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How to Harness Human Nature in a Heatwave

Analysis of a pilot program to encourage household energy conservation in Texas reveals that messaging interventions to “nudge” consumers reduced energy consumption and had notable effects on consumer behavior.

Summers in Texas can be sweltering. When afternoon temperatures rise above 100 degrees Fahrenheit—as they often do—people respond predictably, by turning up the air conditioning. The resulting spike in demand can be punishing on the electric grid, and to cope, electric utilities have often turned to expensive and dirty supplementary power sources. Now, however, some utilities are experimenting with another approach to avoid demand spikes, using temporary price increases and messaging nudges honed by behavioral researchers.

One such pilot program was implemented in a suburb of Austin, Texas. Funded by a Texas-based nonprofit organization called the Commercialization of Electric Technologies and the US Department of Energy the program included approximately 250 households, in four experimental groups, each of which received text and email notifications encouraging less electricity consumption on hot summer days.

New analysis of this program in Applied Economics by the coauthor of this article, Andrew Royal, and Galib Rustamov of Claremont Graduate University, shows that some of these messaging interventions not only reduced household energy consumption but also had far larger effects on behavior than might have been expected.

Households in Austin received several behavioral nudges. Households in a “non-price group” were sent simple text or email reminders to reduce consumption, or texts urging them not to undertake particular actions, such as running a clothes dryer. Households in a separate “price group” were warned by text message of a temporary tenfold increase in electric rates, to $0.64 per kWh, during the peak hours of 4–7 p.m.

Text and email messages encouraged a decrease in electricity consumption of 6 percent—a relatively marginal amount in the broader context of household electricity demand in Texas—but the group receiving price warnings reduced consumption by 29 percent during peak hours. This is surprising, since the participating households were relatively affluent, with typical incomes in the $100,000–$150,000 range, so the elevated prices would have had modest impacts on household budgets.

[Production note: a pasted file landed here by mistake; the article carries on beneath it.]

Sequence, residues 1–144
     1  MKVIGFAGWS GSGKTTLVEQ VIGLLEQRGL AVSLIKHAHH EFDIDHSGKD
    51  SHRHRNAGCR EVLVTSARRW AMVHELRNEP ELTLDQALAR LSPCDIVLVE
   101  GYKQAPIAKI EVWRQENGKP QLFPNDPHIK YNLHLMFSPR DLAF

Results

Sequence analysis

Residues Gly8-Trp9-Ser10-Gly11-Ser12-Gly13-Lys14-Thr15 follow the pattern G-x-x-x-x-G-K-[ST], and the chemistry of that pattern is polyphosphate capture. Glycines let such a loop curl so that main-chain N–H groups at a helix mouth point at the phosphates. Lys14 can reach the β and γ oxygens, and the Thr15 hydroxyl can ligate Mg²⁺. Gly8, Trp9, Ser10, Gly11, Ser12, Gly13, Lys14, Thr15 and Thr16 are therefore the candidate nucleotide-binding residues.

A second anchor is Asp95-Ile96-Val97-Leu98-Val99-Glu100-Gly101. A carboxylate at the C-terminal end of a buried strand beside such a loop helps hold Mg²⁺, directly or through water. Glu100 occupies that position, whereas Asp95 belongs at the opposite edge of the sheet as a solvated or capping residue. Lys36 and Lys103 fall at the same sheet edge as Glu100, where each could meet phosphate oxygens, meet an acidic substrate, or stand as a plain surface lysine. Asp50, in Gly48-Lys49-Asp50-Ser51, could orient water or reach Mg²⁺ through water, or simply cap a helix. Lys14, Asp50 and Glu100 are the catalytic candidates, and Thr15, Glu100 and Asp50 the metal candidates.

What explains the success of the price-based messaging? One possible answer is people’s tendency to segment their expenses into different categories, and treat each as separate, unrelated pots of money. If households in the experiment were engaging in this type of “mental accounting,” they may have focused not on the affordability of the price change—as a purely rational actor might—but on the prospect of deviating from their regular electricity bill. If this explains why wealthy families would respond so sharply to seemingly affordable price changes, it presents an intriguing finding for utility companies.

The findings from the pilot program come with a few caveats. After the first three intervention days, subsequent interventions for all four groups became less effective, so a utility company experimenting with price-based messaging might find the tactic most effective when used intermittently. Also, lower-consuming households were more responsive to elevated prices than higher consuming households, implying that the policy may have the biggest impact with households where it is needed the least.

What happens in the time leading up to the peak hour period also deserves scrutiny. While households decreased consumption during peak hours, they often compensated by consuming more energy prior to the peak hour period—presumably through anticipatory activities like “pre-cooling” their homes. Thus, text and email interventions may be less effective at reducing overall consumption, and more effective at shifting consumption away from peak periods—when energy costs are greatest and the grid relies most heavily on dirty generating sources.

People do not always make the best economic decisions, sometimes poorly managing credit card debt or saving too little. However, the cognitive systems that lead to poor decisions, such as mental accounting, can also be leveraged by clever policy design. Analysis of the pilot program in Austin shows how this can be accomplished, proving that monetary incentives, though modest in size, can produce substantial energy conservation even during the hottest days of a Texas summer.

About the Author

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Andrew Royal

Andrew Royal is a postdoctoral fellow at RFF.

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Michael Zwirn

Michael Zwirn is the program director for Land, Water, and Nature at RFF.

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